RBZ finalizes P2P platform for gold-backed CBDC

The move is aimed at reducing the demand for US dollars and providing an alternative currency and store of value.

RBZ finalizes P2P platform for gold-backed CBDC
Design by Ifeoluwa Awowoye for Mariblock. 

The Reserve Bank of Zimbabwe is working on making its newly released gold-backed central bank digital currency (CBDC) available as a means of payment for everyday transaction. 

The details 

  • According to reports, the bank plans to go live with the feature in two weeks. 
  • The bank’s governor, John Mangudya told Sunday Mail that the bank is working on cutting down the demand for foreign currency and stabilize the Zimbabwean dollar. 
  • To use the gold tokens for transactions, individuals are required to open specific gold accounts with their local banks. The accounts are then linked to e-gold wallets or e-gold cards, which hold the gold tokens converted to their United States dollar value. 
  • The value of the gold tokens is tied to the market value of gold. Essentially, the price is determined by daily gold prices in the London Bullion Market Association.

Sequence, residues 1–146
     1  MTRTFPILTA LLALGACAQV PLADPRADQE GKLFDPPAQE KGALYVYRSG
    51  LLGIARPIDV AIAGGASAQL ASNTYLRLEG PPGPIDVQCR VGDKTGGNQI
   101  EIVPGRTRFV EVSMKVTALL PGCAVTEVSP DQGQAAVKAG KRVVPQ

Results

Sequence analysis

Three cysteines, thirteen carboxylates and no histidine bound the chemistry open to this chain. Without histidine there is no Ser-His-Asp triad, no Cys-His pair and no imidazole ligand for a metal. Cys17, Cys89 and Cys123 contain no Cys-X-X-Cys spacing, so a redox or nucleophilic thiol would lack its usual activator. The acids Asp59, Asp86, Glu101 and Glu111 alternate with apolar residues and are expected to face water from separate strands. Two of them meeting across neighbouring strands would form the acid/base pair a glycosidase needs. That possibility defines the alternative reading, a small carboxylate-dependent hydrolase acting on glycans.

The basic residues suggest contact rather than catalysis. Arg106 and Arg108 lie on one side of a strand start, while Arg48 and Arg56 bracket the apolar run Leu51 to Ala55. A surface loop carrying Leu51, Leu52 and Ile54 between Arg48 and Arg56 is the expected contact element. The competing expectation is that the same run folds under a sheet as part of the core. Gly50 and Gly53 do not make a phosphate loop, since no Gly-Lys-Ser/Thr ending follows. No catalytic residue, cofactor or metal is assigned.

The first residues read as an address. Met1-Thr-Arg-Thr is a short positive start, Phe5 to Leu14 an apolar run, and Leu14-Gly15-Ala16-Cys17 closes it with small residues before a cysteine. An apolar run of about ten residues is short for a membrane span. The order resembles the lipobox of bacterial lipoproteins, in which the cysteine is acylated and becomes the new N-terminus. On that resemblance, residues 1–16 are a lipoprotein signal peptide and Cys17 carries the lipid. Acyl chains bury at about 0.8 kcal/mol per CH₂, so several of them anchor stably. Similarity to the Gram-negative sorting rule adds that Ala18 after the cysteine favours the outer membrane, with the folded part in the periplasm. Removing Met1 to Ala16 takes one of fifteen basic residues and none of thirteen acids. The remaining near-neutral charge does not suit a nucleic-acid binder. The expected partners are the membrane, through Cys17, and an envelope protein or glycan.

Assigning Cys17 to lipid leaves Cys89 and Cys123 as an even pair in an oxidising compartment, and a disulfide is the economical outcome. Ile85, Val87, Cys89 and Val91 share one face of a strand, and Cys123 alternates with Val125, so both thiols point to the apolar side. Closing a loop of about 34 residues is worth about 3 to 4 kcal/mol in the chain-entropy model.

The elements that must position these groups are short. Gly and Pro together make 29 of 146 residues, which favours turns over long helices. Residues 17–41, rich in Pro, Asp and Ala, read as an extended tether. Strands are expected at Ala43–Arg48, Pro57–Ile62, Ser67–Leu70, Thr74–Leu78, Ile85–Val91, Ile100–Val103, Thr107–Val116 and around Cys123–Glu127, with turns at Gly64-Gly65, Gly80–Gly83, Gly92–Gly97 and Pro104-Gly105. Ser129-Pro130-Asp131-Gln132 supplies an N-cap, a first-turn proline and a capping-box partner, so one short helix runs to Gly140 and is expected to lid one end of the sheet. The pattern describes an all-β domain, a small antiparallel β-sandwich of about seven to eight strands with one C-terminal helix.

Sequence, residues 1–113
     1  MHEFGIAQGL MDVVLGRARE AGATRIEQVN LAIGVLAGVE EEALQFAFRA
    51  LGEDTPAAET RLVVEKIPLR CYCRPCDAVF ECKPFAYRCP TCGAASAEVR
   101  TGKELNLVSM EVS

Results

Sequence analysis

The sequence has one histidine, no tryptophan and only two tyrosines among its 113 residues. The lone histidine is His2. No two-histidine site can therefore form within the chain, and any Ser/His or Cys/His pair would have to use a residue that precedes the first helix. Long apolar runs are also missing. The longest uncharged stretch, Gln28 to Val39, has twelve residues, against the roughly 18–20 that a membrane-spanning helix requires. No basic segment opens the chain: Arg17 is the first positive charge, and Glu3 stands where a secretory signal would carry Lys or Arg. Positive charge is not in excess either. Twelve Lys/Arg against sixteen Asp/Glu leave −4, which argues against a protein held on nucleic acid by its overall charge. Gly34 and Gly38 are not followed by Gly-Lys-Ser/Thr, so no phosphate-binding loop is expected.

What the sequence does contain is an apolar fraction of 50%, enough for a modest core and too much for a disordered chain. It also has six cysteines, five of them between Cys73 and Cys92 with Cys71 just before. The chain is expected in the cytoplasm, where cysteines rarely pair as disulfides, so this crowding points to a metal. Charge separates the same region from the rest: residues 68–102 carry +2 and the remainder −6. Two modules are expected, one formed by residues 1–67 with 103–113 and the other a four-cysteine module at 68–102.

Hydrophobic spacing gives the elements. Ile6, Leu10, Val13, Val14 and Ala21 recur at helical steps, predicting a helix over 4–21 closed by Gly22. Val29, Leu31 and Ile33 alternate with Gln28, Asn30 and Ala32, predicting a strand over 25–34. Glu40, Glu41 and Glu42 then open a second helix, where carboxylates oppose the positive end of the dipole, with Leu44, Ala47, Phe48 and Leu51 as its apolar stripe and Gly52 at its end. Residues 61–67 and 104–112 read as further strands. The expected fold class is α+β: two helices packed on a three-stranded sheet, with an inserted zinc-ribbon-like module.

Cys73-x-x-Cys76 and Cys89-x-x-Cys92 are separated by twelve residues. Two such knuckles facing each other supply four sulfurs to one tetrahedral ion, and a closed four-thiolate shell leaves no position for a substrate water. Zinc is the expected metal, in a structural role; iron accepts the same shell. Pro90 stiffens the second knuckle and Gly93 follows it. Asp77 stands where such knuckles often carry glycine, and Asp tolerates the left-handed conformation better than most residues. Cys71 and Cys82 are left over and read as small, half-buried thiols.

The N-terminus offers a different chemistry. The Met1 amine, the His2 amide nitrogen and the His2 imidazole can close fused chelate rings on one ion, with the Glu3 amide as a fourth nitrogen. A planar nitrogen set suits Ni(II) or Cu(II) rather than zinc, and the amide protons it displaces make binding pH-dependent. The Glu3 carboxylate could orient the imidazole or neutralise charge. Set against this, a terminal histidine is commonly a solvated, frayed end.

• Mangudya further stated that the tokens would be measured and sold in milligrams, with each priced at 6 cents.  
  • The report claimed that the RBZ has sold 313,9 kilograms of gold tokens already. 

Key quote 

  • Mangudya told Sunday Mail: 
“The second phase of the roll-out of the digital tokens which will enable transacting using the digital gold-backed tokens will start this month and we are currently testing the system before the launch.” 

Catch up 

  • Zimbabwe’s economy is one of the most dollarized in the world. Per a Mariblock report, 76% of government expenditure is settled in USD. 
  • The country’s native currency, the Zimbabwean dollar has also lost a huge chunk of its characteristic store of value and public confidence in the currency has been mostly eroded. 
  • As a result, the RBZ launched gold-backed digital tokens initially for investment purposes, to serve as a store of value and hedge against inflation in the country. 
  • The International Monetary Foundation (IMF) cautioned the country against adopting a CBDC instead of using more conventional means to curb its dollarized and inflated economy. 
  • In a more conventional move, the country has begun to sell foreign currency on the interbank market through commercial banks to ensure a single and primary source of foreign currency in the country.  

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